Employers who made accommodations for employees with disabilities reported multiple benefits as a result. The most frequently mentioned direct benefits were: (1) the accommodation allowed the company to retain a qualified employee, (2) the accommodation increased the employee’s productivity, and (3) the accommodation eliminated the costs of training a new employee.
The most widely mentioned indirect benefits employers received were: (1) the accommodation ultimately improved interactions with co-workers, (2) the accommodation increased overall company morale, and (3) the accommodation increased overall company productivity. The following table gives the percentage of employers who reported experiencing direct and indirect benefits as a result of having made an accommodation.
Direct Benefits %
Retained a valued employee 90%
Increased the employee’s productivity 71%
Eliminated costs associated with training a new employee 61%
Increased the employee’s attendance 54%
Increased diversity of the company 41%
Saved workers’ compensation or other insurance costs 39%
Hired a qualified person with a disability 13%
Promoted an employee 9%
Indirect Benefits %
Improved interactions with co-workers 64%
Increased overall company morale 60%
Increased overall company productivity 56%
Improved interactions with customers 44%
Increased workplace safety 44%
Increased overall company attendance 38%
Increased profitability 30%
Increased customer base 17%
Finding #5: Employers find JAN helpful during the accommodation process.
Ninety-eight percent of employers found that JAN understood their needs. In addition, 93% of employers stated that the information JAN sent them met their needs. Overall 99% of employers stated they would use JAN again.
Situations and Solutions
Data from the past year provide insight into successful situations and solutions from various employment settings and stages, including a wide sampling of industries and business sizes.
Situation: A claims processing clerk with food allergies had difficulty breathing when co-workers cooked food in the microwave. She suggested a private office with a window or telework as possible accommodations. Her employer had concerns about co-worker morale and maintaining the confidentiality of records.
Solution: The employer opted to implement a policy that the microwave in the employee’s work area could not be used to cook food.
Reported benefit: By making this accommodation the employer accommodated a valuable employee without jeopardizing morale and confidentiality.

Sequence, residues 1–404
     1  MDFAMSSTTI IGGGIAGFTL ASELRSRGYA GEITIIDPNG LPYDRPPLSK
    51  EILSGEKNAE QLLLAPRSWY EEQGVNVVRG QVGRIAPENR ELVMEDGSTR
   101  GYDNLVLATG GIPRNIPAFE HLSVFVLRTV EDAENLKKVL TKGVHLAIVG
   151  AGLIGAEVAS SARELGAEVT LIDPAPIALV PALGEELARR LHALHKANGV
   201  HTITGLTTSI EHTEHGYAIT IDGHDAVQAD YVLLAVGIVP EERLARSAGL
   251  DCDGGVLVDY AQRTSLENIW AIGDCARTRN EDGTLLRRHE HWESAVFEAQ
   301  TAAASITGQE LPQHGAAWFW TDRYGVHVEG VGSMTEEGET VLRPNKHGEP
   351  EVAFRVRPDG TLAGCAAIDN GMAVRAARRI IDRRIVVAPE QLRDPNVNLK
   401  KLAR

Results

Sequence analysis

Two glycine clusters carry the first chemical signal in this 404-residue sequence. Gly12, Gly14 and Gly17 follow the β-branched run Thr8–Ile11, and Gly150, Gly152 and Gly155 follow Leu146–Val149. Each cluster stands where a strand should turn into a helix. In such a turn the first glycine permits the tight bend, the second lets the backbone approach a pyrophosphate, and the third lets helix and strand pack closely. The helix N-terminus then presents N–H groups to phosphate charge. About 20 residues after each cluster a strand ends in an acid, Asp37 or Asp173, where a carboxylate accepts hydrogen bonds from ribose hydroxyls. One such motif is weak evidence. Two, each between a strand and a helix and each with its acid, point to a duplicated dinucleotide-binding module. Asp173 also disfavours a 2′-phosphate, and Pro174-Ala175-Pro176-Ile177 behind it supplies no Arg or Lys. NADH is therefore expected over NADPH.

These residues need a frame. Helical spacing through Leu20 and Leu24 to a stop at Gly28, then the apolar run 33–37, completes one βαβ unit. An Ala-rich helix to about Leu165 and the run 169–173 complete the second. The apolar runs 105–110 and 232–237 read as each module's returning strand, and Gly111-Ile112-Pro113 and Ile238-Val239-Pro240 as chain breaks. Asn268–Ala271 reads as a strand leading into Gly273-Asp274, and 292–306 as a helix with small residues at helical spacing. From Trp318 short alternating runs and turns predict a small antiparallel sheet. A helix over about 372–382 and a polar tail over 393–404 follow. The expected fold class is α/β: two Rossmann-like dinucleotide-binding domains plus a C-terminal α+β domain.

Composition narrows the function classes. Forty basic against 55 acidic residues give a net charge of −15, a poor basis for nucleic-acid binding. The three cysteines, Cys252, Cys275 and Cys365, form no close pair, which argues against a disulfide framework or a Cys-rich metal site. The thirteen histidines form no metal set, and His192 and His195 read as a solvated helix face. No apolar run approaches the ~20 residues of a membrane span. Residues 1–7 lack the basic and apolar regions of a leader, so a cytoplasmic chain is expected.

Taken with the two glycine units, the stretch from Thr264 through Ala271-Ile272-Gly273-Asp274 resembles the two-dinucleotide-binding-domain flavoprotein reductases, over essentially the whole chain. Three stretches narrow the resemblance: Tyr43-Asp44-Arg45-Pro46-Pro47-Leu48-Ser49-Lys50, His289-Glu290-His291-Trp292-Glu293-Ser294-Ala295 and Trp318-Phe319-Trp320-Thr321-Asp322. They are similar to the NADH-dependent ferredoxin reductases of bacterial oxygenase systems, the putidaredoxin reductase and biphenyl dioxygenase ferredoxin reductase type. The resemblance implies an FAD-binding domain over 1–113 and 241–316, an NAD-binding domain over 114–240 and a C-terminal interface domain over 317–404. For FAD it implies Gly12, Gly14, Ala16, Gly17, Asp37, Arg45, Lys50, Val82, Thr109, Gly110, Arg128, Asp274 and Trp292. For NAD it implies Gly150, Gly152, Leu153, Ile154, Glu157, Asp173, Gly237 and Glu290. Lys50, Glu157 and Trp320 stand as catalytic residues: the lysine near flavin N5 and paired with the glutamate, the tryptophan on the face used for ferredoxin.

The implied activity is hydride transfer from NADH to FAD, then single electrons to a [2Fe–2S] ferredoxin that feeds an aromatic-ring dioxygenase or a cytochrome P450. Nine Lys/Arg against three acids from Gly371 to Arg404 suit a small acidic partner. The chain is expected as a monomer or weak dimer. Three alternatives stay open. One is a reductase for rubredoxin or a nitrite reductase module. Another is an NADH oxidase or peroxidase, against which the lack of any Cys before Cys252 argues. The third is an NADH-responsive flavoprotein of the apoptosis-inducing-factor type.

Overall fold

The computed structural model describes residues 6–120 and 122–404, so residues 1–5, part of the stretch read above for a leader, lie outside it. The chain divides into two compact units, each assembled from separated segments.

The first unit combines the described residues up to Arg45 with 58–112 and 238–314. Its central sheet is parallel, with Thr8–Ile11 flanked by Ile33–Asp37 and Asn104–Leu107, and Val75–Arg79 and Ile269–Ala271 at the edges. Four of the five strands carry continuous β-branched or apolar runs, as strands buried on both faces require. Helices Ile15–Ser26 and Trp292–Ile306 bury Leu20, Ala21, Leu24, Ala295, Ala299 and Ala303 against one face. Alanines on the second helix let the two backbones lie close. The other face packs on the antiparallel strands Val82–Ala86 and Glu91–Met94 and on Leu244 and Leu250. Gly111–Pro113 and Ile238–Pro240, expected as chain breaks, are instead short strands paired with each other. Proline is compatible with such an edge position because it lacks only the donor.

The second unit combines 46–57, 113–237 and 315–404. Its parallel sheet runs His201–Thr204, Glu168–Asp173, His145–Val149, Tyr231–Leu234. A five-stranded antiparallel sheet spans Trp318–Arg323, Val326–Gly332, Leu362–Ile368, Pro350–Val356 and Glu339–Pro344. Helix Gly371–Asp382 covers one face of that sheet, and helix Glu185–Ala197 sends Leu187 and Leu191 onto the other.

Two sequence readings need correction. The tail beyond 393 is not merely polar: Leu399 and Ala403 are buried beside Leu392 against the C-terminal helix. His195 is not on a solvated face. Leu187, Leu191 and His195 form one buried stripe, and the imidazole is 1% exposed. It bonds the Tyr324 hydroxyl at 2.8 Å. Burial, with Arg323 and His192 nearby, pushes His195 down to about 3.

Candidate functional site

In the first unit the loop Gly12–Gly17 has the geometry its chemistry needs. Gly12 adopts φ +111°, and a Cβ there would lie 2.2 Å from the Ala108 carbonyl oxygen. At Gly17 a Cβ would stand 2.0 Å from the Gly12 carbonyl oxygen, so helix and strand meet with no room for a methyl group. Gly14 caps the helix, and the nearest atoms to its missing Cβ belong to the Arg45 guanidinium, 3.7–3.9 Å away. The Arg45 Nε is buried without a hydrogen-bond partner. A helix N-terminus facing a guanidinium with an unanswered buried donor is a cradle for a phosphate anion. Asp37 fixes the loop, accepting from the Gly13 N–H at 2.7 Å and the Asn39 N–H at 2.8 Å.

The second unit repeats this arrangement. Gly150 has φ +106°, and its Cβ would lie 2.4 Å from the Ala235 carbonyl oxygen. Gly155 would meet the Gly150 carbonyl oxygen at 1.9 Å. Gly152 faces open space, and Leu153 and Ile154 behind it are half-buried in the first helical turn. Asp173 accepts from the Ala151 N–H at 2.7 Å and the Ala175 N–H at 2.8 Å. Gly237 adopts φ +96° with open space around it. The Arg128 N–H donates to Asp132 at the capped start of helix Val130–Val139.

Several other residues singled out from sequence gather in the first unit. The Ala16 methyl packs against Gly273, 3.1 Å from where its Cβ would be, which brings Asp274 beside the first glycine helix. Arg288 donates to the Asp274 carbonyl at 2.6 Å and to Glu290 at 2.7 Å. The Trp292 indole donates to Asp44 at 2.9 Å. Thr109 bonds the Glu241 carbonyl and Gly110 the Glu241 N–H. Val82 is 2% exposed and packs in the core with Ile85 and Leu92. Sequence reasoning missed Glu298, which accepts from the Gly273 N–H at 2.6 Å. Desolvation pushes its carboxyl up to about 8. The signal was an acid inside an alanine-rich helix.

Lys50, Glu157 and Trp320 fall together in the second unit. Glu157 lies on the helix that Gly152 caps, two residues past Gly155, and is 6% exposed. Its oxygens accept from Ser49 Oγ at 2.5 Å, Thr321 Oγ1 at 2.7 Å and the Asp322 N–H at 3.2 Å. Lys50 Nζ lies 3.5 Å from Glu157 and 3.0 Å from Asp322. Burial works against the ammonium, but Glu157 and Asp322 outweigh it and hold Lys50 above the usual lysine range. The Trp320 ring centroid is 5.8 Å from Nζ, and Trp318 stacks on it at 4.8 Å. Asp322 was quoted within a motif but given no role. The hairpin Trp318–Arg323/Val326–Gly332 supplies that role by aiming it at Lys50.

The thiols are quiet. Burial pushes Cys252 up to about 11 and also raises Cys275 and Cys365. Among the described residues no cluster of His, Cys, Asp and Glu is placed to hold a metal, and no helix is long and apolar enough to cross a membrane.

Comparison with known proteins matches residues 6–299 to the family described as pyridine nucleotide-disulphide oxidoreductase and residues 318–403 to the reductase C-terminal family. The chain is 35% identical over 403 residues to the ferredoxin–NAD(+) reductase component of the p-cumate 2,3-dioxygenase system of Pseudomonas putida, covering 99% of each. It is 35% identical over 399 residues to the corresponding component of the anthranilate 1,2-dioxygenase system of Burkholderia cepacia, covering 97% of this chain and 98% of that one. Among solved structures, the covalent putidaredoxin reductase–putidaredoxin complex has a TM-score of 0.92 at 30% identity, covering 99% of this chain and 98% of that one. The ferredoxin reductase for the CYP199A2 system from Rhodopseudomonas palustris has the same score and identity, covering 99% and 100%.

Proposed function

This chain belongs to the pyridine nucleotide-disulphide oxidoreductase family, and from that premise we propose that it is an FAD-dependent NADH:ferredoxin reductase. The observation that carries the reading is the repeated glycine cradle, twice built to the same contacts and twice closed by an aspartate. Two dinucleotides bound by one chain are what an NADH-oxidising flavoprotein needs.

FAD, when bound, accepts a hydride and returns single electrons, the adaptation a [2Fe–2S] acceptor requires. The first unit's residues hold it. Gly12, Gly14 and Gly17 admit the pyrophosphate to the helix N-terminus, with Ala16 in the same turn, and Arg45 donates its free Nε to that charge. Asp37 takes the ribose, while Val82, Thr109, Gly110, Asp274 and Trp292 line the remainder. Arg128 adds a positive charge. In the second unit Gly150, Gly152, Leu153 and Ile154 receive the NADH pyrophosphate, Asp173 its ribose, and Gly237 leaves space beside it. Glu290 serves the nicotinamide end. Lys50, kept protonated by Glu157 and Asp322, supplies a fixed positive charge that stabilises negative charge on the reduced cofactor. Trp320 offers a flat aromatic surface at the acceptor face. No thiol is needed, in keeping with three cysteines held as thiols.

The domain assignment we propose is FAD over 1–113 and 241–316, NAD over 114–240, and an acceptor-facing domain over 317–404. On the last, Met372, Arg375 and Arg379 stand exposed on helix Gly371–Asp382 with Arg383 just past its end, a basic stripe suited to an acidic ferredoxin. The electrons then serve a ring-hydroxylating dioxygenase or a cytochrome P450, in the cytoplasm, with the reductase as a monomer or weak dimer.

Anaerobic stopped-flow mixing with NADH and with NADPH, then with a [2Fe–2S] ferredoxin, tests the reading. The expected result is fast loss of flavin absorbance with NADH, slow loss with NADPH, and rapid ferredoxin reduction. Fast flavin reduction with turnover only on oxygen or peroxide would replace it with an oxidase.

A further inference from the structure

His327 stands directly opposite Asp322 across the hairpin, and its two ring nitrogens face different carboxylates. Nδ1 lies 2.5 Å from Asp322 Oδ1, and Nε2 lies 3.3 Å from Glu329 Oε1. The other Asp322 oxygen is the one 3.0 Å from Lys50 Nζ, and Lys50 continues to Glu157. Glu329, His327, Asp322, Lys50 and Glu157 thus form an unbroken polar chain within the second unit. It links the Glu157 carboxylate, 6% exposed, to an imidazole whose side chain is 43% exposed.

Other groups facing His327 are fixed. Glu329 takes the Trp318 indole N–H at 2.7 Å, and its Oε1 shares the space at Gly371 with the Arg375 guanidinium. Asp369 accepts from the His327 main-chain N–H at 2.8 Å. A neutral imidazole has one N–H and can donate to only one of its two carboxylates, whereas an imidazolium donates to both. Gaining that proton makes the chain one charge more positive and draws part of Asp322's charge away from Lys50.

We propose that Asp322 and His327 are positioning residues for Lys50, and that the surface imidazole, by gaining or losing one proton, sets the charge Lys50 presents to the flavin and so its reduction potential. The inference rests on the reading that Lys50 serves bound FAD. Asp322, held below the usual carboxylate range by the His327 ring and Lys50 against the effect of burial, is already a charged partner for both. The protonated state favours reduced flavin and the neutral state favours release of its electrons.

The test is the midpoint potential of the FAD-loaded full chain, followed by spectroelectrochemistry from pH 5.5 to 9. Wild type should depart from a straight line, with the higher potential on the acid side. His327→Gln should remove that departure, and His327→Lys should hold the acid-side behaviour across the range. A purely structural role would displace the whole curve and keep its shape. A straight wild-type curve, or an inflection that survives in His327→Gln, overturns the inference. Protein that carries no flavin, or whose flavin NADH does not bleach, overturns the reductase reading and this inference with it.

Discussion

Reported cost: $0.
Situation: A librarian had an intestinal disorder that was exacerbated by stress. The individual requested that her dog be allowed to accompany her at work.
Solution: As a reasonable accommodation, the agency allowed the individual to bring a comfort/service dog.
Reported benefit: The employer was very, very happy, and the employee was able to increase production and give services to the public while educating them and co-workers.
Reported cost: $0.
Situation: A warehouse worker who was responsible for moving and lifting materials had limitations due to chronic pain.
Solution: As a reasonable accommodation, the employer provided a material lift.
Reported benefit: The employer stated that the company was able to retain the employee and it showed goodwill to other employees should a similar situation arise with them.
Reported cost: $600.
Situation: A teacher for a postsecondary institution had vision loss due glaucoma. She was having difficulty navigating around corners and being able to efficiently enter grades.
Solution: As a reasonable accommodation, the employer purchased a tablet computer for school purposes that was used to enlarge the computer system grid for inputting grades. A mirror was also strategically placed in the middle of the classroom to assist with her peripheral vision.
Reported benefit: The employer was able to meet its requirements and the individual felt more competent at work.
Reported cost: $1,000.
Situation: A computer programmer with carpal tunnel syndrome had difficulty working at full productivity for long periods.
Solution: As a reasonable accommodation, the employer purchased touch screen and speech recognition software for the computer.
Reported benefit: The employee was very happy with the accommodations, stating that they reduced his symptoms. The employer remarked that by making these accommodations the employee was more productive.
Reported cost: $1,800.
To cite: Job Accommodation Network (Original 2005, Updated 2007, Updated 2009, Updated 2010, Updated 2011, Updated 2012, Updated 2013). Workplace accommodations: Low cost, high impact. Retrieved xxxx xx,xxxx, from http://AskJAN.org/media/lowcosthighimpact.html
Reproduced from http://askjan.org/media/LowCostHighImpact.html